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Note: This is a student project from a course affiliated with the Ethnography of the University Initiative. EUI supports faculty development of courses in which students conduct original research on their university, and encourages students to think about colleges and universities in relation to their communities and within larger national and global contexts.

What Makes Students Bleed Orange and Blue?: An In-depth Look at Block I

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Title: What Makes Students Bleed Orange and Blue?: An In-depth Look at Block I
Author(s): Miyashiro, Ryan; Aguilar, John
Subject(s): Block I Illinois Renaissance Project blockheads Illini Pride KIN199F08
Abstract: #1. We wanted to take an in-depth look into the Block I student section at Illini football games. John focused on the history and past of the section, while my main focus was when Block I moved and its current activities. We wanted to find out everything that was behind this historic student section and why students continue to be so loyal to the orange and blue there. #2. Our study is composed of analyzing what specifically about U of I makes student’s feel so animated about the university to the point where they bleed orange and blue. It focuses on school spirit especially shown through students who support our athletic teams primarily Block I and its history and subculture within the university. It explores the origins of Block I and how it got started to present day and the transformations that have occurred throughout the years.
Issue Date: 2008
Series/Report: KIN 199, Sport, Play, and Ethnography, Prof. Synthia Sydnor: This course, a First Year Discovery Program and part of Ethnography of the University Initiative (EUI), introduced students to cultural ethnographic method/theory and criticism related to the study of contemporary sport and play. This was accomplished by sampling both older "classic" works and recent significant projects in the area of study. Throughout the semester, students engaged in original primary research/fieldwork centered on "something that matters" that was "somehow" connected to sport and/or play within the University of Illinois community. The work of the semester was not so much to produce a final “polished” ethnography, but rather to reflect upon ongoing issues such as: What is my specific topic of interest? What are the key terms, questions, data, and significance of my unique project? What links can be made between my work and others ideas/ experiences? In what genres/forms can I communicate the above to others? The course syllabus is available at: http://www.eui.uiuc.edu/docs/syllabi/KIN199F08.pdfInstructor's overview of KIN 199, "Sport, Play & Ethnography," Fall 2008 There were 17 freshmen in the Discovery/EUI course; all but two students were undeclared majors. I had two main objectives for the semester: First, I wanted to introduce students to cultural ethnographic method/theory and criticism related to the study of contemporary sport and play; in the course we were free and broad with definitions of both sport and play. To accomplish this first objective, we studied older “classic” works (such as Clifford Geertz, “Deep Play: Notes on the Balinese Cockfight,” and the film, Trobriand Cricket: An Ingenious Response to Colonialism); recent significant projects in the area of study (such as Kyle Kusz, Revolt of the White Athlete: Race, Media and the Emergence of Extreme Athletes in America [2007] and the film, Wrestling with Manhood: Boys, Bullying and Battering [2003]); and method and theory ( such as David L. Andrews, Daniel S. Mason and Michael L. Silk, eds., Qualitative Methods in Sports Studies [2005]). Second, throughout the semester, students were engaged in original primary research/ fieldwork centered on discovering “something that matters” that is “somehow” connected to sport and/or play within our University of Illinois community; students were free to go in any direction with this and could form groups to complete their research (in the end, 5 groups of 2 students each submitted projects and the remainder were individual projects). Most of the students spent the whole semester trying to identify a topic that was fascinating and important to themselves, but that also “mattered” in a cultural studies sense and that impacted the university in some way (the final projects of the semester were not so much on final “polished” ethnographies, but rather upon ongoing reflection of EUI issues such as: “What is my specific topic of interest?” Why is my unique project important? “What are the key terms, questions, data, and significance of my unique project?” “What links can be made between my work and others ideas/experiences?” “In what genre/form can I communicate the above to others?”) Throughout the semester, I kept challenging the students to apply some of the critical work upon which we had concentrated in readings and screenings to their projects and to refine their topics so that they were unique and could somehow make a contribution to policies or practices of the university, reveal historical power struggles, etc., as the topics initially selected seemed naïve and uncritical to me. About half way through the semester, I contemplated assigning my own topics to groups, but ultimately agreed that students should proceed with their own journeys into selecting topics. I required students to present to the EUI student conference (25% of total grade) so the final four weeks of the semester were spent getting those presentations submitted and ready. Overall, I am satisfied with how the course went — these particular students – first semester freshman and very energetic – will always be special to me.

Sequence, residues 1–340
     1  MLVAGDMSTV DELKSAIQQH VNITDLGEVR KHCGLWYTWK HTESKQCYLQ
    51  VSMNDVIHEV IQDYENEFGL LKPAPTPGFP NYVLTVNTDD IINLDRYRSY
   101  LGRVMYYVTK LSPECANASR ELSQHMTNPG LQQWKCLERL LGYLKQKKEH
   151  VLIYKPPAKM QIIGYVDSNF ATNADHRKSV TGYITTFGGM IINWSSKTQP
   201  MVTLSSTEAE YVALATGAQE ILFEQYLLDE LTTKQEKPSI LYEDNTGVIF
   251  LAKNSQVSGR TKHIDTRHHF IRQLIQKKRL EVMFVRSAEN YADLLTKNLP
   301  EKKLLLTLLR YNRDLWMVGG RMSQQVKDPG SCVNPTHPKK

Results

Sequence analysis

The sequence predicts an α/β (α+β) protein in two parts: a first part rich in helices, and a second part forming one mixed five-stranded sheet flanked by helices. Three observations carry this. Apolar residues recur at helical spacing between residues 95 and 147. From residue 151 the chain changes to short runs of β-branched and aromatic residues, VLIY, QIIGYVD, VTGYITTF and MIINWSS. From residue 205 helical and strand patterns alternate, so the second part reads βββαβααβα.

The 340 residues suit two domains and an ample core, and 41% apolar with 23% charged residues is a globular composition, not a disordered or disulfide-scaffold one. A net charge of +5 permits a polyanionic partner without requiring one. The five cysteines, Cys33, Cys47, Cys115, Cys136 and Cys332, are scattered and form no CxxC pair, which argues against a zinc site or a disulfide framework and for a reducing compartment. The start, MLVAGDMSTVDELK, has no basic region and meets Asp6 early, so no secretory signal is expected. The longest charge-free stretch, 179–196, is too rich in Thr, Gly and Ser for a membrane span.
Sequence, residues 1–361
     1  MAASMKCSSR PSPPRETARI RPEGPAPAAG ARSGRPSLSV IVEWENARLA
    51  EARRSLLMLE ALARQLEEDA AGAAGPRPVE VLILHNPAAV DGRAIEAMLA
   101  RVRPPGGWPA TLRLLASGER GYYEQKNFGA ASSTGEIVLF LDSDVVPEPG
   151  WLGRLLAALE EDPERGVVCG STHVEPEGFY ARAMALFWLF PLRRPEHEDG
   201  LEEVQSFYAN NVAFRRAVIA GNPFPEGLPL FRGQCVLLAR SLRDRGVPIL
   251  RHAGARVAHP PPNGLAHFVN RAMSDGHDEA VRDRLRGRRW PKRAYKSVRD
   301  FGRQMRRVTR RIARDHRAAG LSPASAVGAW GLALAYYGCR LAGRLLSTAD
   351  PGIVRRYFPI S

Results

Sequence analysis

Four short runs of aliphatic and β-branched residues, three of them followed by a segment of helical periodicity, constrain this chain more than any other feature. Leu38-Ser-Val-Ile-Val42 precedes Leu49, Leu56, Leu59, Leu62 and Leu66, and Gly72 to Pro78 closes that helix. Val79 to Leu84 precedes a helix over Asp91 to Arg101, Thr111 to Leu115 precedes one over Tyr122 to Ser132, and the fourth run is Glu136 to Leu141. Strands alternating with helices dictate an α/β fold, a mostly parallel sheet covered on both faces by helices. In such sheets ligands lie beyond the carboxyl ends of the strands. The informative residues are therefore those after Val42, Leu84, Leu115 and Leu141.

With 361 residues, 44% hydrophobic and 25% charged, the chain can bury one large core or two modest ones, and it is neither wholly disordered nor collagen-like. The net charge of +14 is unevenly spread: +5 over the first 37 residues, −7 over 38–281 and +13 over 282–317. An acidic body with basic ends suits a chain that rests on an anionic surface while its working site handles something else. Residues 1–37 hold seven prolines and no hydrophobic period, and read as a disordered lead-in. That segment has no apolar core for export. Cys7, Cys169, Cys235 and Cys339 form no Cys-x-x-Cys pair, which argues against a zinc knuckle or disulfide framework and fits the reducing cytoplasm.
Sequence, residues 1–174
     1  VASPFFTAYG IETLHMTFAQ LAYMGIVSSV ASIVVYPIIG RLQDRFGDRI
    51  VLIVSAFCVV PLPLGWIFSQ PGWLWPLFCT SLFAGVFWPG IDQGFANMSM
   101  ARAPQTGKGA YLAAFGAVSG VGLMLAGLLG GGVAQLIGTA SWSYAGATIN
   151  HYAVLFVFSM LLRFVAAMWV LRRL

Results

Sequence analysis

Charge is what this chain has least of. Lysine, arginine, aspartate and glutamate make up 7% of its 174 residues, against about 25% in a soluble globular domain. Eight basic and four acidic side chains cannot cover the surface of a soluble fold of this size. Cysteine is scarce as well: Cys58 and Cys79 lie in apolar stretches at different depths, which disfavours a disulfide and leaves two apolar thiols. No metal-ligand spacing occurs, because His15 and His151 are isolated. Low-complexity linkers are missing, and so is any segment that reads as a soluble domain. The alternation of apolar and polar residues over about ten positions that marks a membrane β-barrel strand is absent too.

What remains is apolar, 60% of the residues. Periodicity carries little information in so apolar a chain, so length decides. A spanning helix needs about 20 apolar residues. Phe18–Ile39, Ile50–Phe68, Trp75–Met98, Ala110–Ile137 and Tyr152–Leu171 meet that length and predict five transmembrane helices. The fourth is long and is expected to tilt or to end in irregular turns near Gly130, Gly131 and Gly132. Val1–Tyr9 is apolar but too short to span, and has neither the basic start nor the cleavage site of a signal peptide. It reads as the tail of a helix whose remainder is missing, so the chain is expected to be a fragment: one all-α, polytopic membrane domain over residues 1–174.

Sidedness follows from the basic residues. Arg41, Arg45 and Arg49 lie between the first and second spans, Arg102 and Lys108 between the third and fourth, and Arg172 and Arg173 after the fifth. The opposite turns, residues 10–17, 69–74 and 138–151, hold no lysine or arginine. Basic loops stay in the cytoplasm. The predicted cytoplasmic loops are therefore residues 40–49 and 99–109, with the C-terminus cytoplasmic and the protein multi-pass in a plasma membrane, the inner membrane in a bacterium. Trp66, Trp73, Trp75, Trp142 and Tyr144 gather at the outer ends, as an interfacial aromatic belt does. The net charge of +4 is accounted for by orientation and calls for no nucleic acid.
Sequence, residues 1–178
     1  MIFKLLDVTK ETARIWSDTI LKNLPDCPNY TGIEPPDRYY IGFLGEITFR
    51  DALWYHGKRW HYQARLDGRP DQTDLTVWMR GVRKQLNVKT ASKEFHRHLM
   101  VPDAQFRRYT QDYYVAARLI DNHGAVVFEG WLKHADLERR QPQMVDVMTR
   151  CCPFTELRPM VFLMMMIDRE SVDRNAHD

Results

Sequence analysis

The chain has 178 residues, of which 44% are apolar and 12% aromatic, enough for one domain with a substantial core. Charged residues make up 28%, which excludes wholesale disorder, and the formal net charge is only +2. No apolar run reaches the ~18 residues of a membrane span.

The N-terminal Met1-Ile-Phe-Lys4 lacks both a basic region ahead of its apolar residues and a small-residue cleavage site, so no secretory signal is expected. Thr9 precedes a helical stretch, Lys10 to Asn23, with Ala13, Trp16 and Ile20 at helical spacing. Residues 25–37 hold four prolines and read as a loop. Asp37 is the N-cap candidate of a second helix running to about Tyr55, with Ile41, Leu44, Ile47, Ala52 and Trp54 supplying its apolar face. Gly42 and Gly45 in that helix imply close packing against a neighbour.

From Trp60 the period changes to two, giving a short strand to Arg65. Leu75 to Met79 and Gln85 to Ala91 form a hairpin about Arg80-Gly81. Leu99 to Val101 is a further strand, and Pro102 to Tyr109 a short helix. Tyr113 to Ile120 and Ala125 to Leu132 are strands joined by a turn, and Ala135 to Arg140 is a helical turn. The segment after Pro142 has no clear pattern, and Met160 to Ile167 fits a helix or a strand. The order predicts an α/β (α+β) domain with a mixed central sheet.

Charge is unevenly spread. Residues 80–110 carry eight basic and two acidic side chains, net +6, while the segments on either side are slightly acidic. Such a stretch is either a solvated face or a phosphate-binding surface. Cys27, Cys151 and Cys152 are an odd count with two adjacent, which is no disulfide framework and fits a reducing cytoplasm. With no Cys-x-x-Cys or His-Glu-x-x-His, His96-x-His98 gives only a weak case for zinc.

Type: Text
URI: http://hdl.handle.net/2142/11899
Date Available in IDEALS: 2009-05-26
 

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